The Difference Between IBS & IBD
IBS is often mistaken for another condition, Inflammatory Bowel Disease (IBD). IBS is far from pleasant, but IBD is more serious. IBD is actually an umbrella term that refers to a group of chronic inflammatory disorders of the bowel, including ulcerative colitis and Crohn’s disease. Unlike IBS, IBD can cause inflammation, ulcers, or other visible damage to the bowel and is thus more easily diagnosed.
Triggers of IBS Symptoms
IBS is a little different for everyone, but some things are common triggers for many people. Eating certain foods can cause IBS symptoms to flare up. Avoid dairy products, caffeine, sugar, high-fructose corn syrup, artificial sweeteners, fried food, and alcohol. Heavily processed foods like chips and microwave meals can also cause difficulties.
Other triggers of IBS include:
- Too little exercise
- Stress and anxiety
- Menstrual cycles
- Chewing gum
- Certain medications including antibiotics and antidepressants
Natural IBS Remedies
Conventional medicine tends to focus on treating the symptoms of IBS, rather than addressing the root cause of the condition. They have an array of medications, but the efficacy of pharmaceuticals at treating IBS is inconsistent at best. Some doctors even recommend antidepressants despite the fact that antidepressants are completely ineffective at treating GI symptoms. Considering the known detrimental side effects of these drugs, this is hardly an ideal solution. Fortunately, there are some simple, natural lifestyle changes you can adopt to reduce IBS occurrences.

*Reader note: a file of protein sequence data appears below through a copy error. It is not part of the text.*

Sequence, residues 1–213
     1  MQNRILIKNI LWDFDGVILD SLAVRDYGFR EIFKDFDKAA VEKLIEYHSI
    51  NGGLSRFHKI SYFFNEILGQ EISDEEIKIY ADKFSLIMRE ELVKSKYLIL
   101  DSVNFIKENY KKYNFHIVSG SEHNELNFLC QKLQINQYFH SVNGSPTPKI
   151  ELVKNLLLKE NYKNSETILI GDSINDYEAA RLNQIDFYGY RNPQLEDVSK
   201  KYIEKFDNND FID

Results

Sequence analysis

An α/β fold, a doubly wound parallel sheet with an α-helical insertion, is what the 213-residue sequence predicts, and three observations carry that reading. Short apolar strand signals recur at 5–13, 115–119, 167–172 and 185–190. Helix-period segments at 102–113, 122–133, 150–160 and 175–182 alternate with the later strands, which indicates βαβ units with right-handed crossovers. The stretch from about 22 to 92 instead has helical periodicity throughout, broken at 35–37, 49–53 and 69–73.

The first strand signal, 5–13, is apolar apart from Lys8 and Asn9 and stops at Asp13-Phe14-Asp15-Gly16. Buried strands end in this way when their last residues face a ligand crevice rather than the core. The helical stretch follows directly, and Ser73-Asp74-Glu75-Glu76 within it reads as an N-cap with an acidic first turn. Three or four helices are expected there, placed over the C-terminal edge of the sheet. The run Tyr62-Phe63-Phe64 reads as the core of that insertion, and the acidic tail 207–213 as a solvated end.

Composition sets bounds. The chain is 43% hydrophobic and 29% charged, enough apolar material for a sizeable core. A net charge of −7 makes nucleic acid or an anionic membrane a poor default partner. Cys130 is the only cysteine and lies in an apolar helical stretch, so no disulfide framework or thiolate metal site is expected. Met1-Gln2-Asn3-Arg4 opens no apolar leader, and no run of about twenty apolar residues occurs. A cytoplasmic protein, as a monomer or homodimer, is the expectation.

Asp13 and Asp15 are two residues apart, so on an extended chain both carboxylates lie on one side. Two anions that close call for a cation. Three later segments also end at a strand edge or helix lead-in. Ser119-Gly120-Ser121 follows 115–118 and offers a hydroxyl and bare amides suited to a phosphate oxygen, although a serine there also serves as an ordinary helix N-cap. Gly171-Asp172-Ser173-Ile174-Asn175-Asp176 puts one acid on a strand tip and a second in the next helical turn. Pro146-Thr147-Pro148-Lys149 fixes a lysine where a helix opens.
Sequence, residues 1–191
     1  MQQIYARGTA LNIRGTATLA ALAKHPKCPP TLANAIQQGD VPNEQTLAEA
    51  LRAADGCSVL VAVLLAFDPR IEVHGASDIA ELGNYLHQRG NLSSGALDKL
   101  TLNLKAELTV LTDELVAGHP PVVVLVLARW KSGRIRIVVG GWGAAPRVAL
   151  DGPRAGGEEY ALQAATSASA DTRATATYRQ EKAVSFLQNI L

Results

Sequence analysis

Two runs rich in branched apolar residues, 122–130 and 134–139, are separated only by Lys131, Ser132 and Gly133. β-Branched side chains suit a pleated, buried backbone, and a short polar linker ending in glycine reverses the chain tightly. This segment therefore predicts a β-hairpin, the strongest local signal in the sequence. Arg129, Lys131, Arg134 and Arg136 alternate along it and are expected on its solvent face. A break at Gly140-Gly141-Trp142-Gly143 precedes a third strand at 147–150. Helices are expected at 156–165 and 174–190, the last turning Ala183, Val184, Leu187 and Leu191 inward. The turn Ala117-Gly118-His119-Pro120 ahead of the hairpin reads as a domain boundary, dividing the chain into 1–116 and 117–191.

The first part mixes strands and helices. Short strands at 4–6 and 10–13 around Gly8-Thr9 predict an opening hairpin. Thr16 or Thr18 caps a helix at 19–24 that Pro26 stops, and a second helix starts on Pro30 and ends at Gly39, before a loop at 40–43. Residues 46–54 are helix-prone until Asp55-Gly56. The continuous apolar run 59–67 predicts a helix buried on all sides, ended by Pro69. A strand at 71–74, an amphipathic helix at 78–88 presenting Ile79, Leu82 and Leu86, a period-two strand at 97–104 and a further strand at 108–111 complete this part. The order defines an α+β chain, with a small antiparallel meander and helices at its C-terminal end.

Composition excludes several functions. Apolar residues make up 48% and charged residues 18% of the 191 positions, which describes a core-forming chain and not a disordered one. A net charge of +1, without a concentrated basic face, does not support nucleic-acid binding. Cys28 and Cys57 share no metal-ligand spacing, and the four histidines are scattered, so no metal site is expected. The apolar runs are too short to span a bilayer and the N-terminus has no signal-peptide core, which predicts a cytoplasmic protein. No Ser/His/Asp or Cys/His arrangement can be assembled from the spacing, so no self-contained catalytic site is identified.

Change Your Diet
Because certain foods trigger IBS symptoms, a simple change in dietary habits may help. Don’t eat large meals as they can cause cramping and diarrhea. Instead of three large meals each day, try eating 4-5 smaller meals.
Feed your body healthy food. Fruits, vegetables, nuts, legumes, and other high-fiber foods can help promote gut health. There are two types of dietary fiber, soluble and insoluble. Both can help ease the symptoms of IBS. Try to eat about 20 grams of dietary fiber every day.
Multiple studies have found that a gluten-free diet can help improve bowel function in people with certain types of IBS.[7, 8] If you think you have a sensitivity, try cutting gluten out of your diet.
Keep a Food Journal
As the symptoms of IBS are so indistinct, different people can have wildly different food triggers. Your triggers could vary from one month to the next. It’s complicated, but one way to simplify things is to keep a food journal.
Get a small notebook and keep it on you at all times. A notepad app on your phone works just as well. Write down everything you eat and drink, noting the date and time of day. Be thorough; even condiments could be an IBS trigger, so don’t leave anything out. Record IBS symptoms and how you feel every day, both mentally and physically. It could even be a specific ingredient that triggers IBS, so look for patterns. For example, pasta, crackers, and soy sauce may seem unrelated, but they all usually contain wheat, so a reaction to all three could mean gluten is the culprit.
Your bowel will have a difficult time if your waste is a hard, dry lump, so be sure to stay properly hydrated. Are you drinking enough water? If you’re like most people, you’re probably at least a little dehydrated. Remember how your mom told you to drink eight glasses of water a day? She was pretty close to right. Eight glasses is a good start, but a slightly better estimate is to drink half your weight in ounces every day. In other words, if you weigh 200 lbs, drink at least 100 oz of water. Healthy fluids like coconut water and detox water count toward this goal, but dehydrating liquids, like coffee, soft drinks, and alcohol do not.